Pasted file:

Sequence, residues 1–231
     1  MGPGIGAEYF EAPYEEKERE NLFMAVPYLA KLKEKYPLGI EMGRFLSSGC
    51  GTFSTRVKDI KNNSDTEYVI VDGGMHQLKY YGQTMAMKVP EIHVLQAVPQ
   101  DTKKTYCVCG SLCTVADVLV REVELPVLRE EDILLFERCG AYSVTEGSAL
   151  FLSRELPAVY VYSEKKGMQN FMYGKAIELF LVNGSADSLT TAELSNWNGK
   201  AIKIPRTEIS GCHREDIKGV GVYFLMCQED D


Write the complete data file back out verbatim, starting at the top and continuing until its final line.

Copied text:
Sequence, residues 1–231
     1  MGPGIGAEYF EAPYEEKERE NLFMAVPYLA KLKEKYPLGI EMGRFLSSGC
    51  GTFSTRVKDI KNNSDTEYVI VDGGMHQLKY YGQTMAMKVP EIHVLQAVPQ
   101  DTKKTYCVCG SLCTVADVLV REVELPVLRE EDILLFERCG AYSVTEGSAL
   151  FLSRELPAVY VYSEKKGMQN FMYGKAIELF LVNGSADSLT TAELSNWNGK
   201  AIKIPRTEIS GCHREDIKGV GVYFLMCQED D